Bill Bryson has an amazing talent for taking the mundane facts of history and weaving them into a funny, thrilling, fascinating and readable work on non-fiction. His topics have ranged from travel adventures such as his exploration of the Appalachian Trail and the Australian outback, or the examination of social history from his own childhood memories to the history of his house. Bryson’s recent work, One Summer America 1927 takes the reader on a chronological trip through the summer of 1927 in America, carried along by a host of events and characters from the era including sports legends, political figures, “heroes” and criminals. The structure of the work starts with the contest to over-fly the Atlantic ocean from New York to Paris in early May and ends with a fall from grace for America’s hero, Lindbergh, in late September. Interwoven in this adventure are all the other stars who appeared on the public stage during the summer of this particular year: Babe Ruth, Jack Dempsey, Al Capone, Henry Ford, Calvin Coolidge, Sacco and Venzetti, and many others. These people defined an era and helped form and characterize a nation before the Great Depression. What I found particularly compelling were the similarities between the mindset of the late 1920’s and today. Although this book would not be listed as one of Bryson’s best in my opinion, it was an interesting and very worthwhile read. I was appalled and disappointed to learn, however, that most of these larger-than-life sports and other historical figures were truly reprehensible people in many regards. Why, you ask? You’ll have to read the book.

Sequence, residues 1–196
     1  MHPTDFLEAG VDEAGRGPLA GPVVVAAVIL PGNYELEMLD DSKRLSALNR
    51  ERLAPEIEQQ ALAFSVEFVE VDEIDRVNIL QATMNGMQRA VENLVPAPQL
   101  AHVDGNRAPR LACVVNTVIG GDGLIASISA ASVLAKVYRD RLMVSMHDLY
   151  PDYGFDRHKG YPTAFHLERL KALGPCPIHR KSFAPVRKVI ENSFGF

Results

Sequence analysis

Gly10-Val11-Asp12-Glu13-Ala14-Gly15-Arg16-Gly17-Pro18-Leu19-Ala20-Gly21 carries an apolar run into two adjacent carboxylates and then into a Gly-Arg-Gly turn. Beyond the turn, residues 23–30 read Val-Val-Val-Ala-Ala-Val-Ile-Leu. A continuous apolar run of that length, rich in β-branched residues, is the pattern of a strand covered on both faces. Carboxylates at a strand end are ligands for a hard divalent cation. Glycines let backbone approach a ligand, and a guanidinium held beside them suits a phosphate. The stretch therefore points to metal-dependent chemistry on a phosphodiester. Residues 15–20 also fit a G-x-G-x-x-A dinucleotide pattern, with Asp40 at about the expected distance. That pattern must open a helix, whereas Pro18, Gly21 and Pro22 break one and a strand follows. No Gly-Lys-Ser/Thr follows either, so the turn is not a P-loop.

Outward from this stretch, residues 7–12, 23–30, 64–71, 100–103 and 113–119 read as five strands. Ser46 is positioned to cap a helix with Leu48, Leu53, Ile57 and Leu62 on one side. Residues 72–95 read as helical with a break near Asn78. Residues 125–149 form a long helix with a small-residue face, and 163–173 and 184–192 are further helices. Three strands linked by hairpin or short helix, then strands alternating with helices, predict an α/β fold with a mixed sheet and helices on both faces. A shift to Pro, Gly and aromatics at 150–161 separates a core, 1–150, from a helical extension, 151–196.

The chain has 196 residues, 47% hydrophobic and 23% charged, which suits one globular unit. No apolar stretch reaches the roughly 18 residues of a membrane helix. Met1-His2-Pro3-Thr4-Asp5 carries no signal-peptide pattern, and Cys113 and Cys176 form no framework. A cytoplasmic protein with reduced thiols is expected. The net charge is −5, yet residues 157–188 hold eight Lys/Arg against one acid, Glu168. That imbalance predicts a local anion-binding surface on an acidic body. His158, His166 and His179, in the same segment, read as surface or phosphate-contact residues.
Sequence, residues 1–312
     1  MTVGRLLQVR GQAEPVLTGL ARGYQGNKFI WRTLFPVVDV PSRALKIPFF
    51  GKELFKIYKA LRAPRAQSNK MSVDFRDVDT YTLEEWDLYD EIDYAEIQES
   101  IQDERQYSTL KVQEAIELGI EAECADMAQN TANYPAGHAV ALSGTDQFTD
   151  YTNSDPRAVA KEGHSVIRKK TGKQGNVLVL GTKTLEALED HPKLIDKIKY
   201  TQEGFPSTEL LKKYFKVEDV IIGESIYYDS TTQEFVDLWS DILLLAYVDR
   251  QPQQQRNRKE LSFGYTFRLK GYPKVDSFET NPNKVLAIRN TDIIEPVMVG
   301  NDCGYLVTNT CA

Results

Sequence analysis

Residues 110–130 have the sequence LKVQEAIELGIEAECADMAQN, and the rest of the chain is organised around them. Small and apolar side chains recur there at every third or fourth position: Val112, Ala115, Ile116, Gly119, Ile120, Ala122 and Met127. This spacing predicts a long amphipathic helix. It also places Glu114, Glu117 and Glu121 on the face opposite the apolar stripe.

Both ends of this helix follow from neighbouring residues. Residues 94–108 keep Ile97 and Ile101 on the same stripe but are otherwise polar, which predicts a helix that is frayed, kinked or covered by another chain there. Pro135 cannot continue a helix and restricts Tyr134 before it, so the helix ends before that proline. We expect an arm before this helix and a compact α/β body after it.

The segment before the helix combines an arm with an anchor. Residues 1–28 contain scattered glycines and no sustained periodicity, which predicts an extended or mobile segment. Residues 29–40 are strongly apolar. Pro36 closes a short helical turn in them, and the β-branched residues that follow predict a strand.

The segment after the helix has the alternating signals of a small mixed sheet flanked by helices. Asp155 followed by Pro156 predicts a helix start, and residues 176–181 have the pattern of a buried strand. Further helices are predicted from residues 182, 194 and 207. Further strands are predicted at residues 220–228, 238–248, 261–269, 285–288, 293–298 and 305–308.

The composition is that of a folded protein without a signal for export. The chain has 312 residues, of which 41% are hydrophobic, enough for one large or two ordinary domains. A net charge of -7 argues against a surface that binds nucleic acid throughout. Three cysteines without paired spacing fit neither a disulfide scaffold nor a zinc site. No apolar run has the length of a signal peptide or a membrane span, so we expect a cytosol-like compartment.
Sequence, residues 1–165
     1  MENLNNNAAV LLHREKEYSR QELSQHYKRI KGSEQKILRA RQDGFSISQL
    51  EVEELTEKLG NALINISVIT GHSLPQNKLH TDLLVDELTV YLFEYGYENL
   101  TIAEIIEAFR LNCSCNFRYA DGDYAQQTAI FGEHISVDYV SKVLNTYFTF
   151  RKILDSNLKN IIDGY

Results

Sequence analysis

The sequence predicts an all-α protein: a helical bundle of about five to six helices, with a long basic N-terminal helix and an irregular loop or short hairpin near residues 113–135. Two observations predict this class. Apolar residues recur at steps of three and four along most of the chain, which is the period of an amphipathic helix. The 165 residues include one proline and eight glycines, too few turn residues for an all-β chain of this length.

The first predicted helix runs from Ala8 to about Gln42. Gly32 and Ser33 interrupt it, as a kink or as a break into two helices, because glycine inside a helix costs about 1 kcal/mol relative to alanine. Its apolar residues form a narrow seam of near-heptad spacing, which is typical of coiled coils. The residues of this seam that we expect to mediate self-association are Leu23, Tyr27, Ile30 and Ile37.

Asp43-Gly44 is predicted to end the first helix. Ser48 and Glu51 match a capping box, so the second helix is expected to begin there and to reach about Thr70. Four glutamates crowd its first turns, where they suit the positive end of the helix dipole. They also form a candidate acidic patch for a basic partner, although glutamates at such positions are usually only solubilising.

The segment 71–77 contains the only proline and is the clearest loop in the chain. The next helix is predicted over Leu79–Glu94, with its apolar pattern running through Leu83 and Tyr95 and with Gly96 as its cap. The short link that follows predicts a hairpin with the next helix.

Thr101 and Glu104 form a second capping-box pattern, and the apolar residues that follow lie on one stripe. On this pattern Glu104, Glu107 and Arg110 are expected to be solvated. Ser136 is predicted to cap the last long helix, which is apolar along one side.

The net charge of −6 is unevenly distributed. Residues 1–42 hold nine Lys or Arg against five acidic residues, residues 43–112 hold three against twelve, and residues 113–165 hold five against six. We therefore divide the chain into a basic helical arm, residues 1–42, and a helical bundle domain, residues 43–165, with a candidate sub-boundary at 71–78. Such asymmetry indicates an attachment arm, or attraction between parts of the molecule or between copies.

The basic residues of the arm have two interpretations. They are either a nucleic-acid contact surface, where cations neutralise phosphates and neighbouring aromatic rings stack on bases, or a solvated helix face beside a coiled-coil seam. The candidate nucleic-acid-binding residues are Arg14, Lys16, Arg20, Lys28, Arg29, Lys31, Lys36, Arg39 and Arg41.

“The Girls of Murder City: Fame, Lust, and the Beautiful Killers Who Inspired Chicago” by author Douglas Perry is an education in the miscarriage of justice in the 1920’s era, during an epidemic of “gun girl” murderers who got off based solely on their looks and style. In the Cook County Jail in 1924, a “murderess’ row” housed a group of women, most notorious of whom was Beulah Annan and Belva Gaertner, two married women who had shot their lovers. Despite physical evidence, their own confessions, and a host of other compelling facts pointing squarely to their guilt, both women walked away from the charges. During the trials, the media maintained an intoxicating love affair with their stories, following every move, lovingly describing every detail of their dress, their hair, their comportment in the court room. Beulah was dubbed “prettiest” and Belva “most stylish,” and based on the inability of an all-male jury to convict an attractive or sophisticated lady, that these two murders hoodwinked the public and were freed. One newspaper writer, however, was not taken in by their wiles–Maurine Dallas Watkins, a reporter for the Chicago Tribune, who wrote scathing, satirical reviews of events. Watkins, a rare item herself being a female police reporter, later penned the play “Chicago,” which debuted in its namesake’s city in 1927 to rave reviews. The author of “Girls of Murder City”, Perry, presents this well-known story in a fresh way, exploring the events of the murders, but also the societal influences at the time which accounted for the city’s love affair with two murders and the juries’ inability to convict. He raises the issue of the view of femininity at the time–that an essentially good woman, who was weak (as they all are), could be lead astray by liquor and a strong male influence. The women were too pretty and too classy to be truly brutish murders, so after all, it wasn’t really their fault. The press fueled this skewed defense by playing up Beulah’s looks and, based on those looks, her certain girlish naiveté. Conversely, an older and rougher female inmate was characterized by the press as a dirty, hulking beast, capable of incredible brutality and clearly quite dangerous. The courts, not surprisingly, convicted this woman and recommended the death sentence with much less evidence of her guilt. One observer commented that the “refined murders” did not scare the men like the rough ones, and therefore were deemed harmless. Perry does a wonderful job wrapping up this 1920s package of mob bosses, flappers, gin joints, and corruption into an atmospheric tale of Chicago in the Jazz Age, and raises some serious questions about the power of the press to sway public opinion. Has anything really changed? If you liked “Devil in the White City” and “American Eve,” you’ll likely enjoy this book as well.